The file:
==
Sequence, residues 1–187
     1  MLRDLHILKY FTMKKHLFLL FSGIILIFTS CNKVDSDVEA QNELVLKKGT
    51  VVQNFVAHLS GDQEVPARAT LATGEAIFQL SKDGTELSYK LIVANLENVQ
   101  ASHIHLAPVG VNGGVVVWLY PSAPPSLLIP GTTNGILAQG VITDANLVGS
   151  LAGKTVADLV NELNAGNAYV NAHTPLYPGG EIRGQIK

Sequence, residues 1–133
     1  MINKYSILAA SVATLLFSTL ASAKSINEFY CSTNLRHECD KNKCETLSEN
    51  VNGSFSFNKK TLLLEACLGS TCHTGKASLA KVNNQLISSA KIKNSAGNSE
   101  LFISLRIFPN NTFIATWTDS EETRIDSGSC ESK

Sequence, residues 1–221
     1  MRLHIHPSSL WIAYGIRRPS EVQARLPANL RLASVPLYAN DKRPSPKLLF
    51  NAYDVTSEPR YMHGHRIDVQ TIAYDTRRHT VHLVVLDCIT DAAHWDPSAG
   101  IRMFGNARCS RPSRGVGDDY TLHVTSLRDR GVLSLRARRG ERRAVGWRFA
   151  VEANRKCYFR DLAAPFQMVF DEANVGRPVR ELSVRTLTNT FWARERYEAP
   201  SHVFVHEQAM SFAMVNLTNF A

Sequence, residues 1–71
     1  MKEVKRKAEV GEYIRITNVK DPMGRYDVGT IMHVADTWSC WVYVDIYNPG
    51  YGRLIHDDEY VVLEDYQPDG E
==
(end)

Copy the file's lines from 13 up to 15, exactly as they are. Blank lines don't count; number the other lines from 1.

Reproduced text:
   101  IRMFGNARCS RPSRGVGDDY TLHVTSLRDR GVLSLRARRG ERRAVGWRFA
   151  VEANRKCYFR DLAAPFQMVF DEANVGRPVR ELSVRTLTNT FWARERYEAP
   201  SHVFVHEQAM SFAMVNLTNF A